This was the phrase used by Simon King in his compelling and engaging, but unsettling, talk at the Bruton Eco-school roadshow the other week. He was referring as much to Somerset as to England more widely, comparing the here and now with the land of lost content. I was reminded of it today by a story in the press about the demise of the spotted flycatcher, and the much-maligned wasp.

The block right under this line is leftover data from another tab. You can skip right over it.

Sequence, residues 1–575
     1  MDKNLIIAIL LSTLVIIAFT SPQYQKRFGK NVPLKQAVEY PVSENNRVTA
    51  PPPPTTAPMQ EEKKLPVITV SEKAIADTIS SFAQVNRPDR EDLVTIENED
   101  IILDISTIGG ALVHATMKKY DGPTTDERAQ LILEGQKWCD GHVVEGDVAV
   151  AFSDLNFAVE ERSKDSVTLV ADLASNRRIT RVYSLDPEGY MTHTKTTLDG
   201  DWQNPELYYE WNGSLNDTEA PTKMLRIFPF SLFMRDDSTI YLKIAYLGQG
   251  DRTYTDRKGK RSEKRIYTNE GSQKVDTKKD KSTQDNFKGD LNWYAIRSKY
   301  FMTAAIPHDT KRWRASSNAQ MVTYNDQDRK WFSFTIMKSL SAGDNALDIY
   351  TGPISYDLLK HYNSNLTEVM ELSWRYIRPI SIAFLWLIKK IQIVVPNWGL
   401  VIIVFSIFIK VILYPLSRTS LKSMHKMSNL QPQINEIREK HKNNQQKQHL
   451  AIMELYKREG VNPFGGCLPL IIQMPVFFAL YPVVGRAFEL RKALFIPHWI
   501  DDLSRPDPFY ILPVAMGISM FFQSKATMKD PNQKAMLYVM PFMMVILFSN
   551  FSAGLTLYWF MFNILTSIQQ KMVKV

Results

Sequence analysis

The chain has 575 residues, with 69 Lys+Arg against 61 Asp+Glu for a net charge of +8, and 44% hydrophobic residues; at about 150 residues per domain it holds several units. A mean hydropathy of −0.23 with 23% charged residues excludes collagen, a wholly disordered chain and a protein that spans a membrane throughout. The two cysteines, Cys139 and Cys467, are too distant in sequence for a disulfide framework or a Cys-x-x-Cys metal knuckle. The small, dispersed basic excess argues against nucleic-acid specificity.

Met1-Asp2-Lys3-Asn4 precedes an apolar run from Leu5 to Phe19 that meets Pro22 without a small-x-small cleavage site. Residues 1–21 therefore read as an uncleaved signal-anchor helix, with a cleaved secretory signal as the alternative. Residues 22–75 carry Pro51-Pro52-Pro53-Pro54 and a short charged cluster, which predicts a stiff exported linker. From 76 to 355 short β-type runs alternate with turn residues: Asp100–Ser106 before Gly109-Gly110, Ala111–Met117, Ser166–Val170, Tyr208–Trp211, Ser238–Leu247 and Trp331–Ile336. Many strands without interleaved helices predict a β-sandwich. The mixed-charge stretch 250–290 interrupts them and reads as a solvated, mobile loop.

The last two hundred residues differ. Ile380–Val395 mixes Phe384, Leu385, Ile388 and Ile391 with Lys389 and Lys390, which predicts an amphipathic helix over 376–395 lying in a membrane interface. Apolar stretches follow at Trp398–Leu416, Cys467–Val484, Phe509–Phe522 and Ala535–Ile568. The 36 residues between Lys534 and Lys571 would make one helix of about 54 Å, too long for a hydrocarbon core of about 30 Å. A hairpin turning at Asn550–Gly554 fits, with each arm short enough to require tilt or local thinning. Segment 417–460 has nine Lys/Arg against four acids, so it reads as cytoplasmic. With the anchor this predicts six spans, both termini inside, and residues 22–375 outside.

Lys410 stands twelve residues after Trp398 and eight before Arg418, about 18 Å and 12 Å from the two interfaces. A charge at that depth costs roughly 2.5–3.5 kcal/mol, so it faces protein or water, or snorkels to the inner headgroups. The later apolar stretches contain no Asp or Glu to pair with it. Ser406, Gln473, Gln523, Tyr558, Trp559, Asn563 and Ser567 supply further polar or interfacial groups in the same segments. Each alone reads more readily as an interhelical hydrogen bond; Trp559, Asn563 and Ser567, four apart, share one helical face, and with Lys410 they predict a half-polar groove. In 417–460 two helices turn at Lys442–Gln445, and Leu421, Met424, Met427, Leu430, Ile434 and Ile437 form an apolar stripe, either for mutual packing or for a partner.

The land may well be a green colour – we still have a lot of grass – but it's relatively (and often absolutely) barren in terms of species decimated, habitats denuded, and interconnections lost. I started drafting this post on a slow speed train, pootling through the Cotswolds where there is landscape to spare, but fewer birds, dragonflies, small mammals, moths, beetles, etc, etc, than ever.
I blame our Faustian pact with intensive agriculture and its agrochemical / pesticidal fellow travellers that's been locked in place by the corrupt banalities of the common agricultural project.